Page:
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Rhythmic vs. Tonic Inhibition

  • Christoph Börgers
Chapter
Part of the Texts in Applied Mathematics book series (TAM, volume 66)

Abstract

In experiments described in [143], fast-firing inhibitory interneurons in the barrel cortex of mice, the part of the mouse brain that processes input from the whiskers, were driven to synchronize at 40 ​Hz, using optogenetic techniques. (In general, optogenetic techniques involve genetically sensitizing neurons to light, then using light to control them.) Figure 35.1 is a reproduction of Fig. 3A of [143]. The figure shows LFP recordings from barrel cortex during 40 ​Hz optogenetic stimulation of the fast-firing inhibitory interneurons. The central finding of [143] was that making the activity of fast-firing inhibitory interneurons rhythmic at 40 ​Hz improved the ability of the mice to perceive certain whisker deflections.

Keywords

Dirac Delta Function Tonic Inhibition Light Stimulation Gamma Oscillation Synaptic Conductance 
These keywords were added by machine and not by the authors. This process is experimental and the keywords may be updated as the learning algorithm improves.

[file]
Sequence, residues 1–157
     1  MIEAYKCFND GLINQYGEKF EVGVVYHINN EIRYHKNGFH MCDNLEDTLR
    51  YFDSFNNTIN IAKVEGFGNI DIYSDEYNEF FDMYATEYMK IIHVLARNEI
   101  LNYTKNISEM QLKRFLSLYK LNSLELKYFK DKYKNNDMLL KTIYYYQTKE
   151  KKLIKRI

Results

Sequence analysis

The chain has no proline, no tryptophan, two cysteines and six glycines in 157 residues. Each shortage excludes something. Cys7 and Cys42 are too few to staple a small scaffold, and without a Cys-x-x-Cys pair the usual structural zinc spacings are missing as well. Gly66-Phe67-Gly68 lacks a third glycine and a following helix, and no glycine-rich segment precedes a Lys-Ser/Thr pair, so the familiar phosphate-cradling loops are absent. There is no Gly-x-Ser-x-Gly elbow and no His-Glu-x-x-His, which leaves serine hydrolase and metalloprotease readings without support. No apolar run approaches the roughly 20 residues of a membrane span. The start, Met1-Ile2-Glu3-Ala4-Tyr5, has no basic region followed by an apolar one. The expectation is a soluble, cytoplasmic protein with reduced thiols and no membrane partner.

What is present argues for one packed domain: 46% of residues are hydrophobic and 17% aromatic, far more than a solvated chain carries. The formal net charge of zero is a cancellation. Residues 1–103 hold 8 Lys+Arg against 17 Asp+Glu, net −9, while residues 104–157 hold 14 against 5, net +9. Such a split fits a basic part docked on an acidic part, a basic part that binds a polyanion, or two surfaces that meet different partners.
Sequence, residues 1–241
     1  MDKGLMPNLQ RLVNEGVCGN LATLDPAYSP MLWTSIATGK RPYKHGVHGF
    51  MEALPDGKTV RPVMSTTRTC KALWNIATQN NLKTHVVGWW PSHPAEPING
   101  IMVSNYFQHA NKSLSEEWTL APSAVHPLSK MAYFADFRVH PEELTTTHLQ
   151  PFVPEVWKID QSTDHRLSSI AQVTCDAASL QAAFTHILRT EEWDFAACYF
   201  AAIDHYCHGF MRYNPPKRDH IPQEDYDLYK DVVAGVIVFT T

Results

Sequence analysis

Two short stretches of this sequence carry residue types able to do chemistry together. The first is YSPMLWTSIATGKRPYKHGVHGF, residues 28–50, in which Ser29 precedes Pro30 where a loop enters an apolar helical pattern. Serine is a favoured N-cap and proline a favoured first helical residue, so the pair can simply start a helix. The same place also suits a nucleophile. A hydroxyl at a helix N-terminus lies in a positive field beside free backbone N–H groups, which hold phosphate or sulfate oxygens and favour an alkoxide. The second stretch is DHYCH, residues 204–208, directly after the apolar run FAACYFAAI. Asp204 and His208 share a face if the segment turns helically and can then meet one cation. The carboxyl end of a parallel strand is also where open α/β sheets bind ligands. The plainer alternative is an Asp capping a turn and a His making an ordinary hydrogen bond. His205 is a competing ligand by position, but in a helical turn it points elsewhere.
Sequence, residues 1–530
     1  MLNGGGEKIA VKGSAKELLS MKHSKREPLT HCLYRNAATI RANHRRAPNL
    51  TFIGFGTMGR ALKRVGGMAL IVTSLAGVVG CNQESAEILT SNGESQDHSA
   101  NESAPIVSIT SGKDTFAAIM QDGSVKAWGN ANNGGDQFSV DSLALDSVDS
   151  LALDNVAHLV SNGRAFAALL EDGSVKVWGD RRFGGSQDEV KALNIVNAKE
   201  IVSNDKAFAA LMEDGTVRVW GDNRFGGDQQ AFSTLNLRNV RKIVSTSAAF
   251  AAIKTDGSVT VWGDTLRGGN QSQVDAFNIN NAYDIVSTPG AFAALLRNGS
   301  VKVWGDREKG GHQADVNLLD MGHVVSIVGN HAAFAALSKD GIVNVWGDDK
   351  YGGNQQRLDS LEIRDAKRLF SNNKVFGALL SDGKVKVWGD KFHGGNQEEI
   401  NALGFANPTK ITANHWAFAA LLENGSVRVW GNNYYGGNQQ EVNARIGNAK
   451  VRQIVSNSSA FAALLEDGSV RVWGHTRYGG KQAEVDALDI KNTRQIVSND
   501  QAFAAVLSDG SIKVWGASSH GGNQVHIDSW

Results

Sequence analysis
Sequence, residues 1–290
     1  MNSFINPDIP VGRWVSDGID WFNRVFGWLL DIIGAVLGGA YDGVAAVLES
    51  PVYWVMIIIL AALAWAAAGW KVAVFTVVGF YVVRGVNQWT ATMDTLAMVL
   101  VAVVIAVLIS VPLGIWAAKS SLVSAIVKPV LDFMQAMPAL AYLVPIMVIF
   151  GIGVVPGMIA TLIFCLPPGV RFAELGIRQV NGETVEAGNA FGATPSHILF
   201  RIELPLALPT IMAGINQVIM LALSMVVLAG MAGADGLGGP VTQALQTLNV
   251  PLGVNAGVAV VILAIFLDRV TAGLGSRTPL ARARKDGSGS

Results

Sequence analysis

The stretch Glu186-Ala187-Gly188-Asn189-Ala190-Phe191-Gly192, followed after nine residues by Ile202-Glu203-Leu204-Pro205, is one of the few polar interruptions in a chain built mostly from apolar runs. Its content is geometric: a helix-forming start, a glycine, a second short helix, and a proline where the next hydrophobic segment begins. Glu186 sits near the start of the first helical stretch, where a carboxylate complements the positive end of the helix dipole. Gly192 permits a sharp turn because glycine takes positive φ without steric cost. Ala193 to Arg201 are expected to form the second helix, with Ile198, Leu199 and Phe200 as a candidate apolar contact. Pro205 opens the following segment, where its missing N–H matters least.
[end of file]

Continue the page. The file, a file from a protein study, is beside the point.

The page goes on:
Supplementary material

369722_1_En_35_MOESM1_ESM.zip (994 kb)
(ZIP 994 KB)

Bibliography

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    J. H. Siegle, D. L. Pritchett, and C. I. Moore, Gamma-range synchronization of fast-spiking interneurons can enhance detection of tactile stimuli, Nature Neurosci., 17 (2014), pp. 1371–1379.CrossRefGoogle Scholar

Copyright information

© Springer International Publishing AG 2017

Authors and Affiliations

  • Christoph Börgers
    • 1
  1. 1.Department of MathematicsTufts UniversityMedfordUSA

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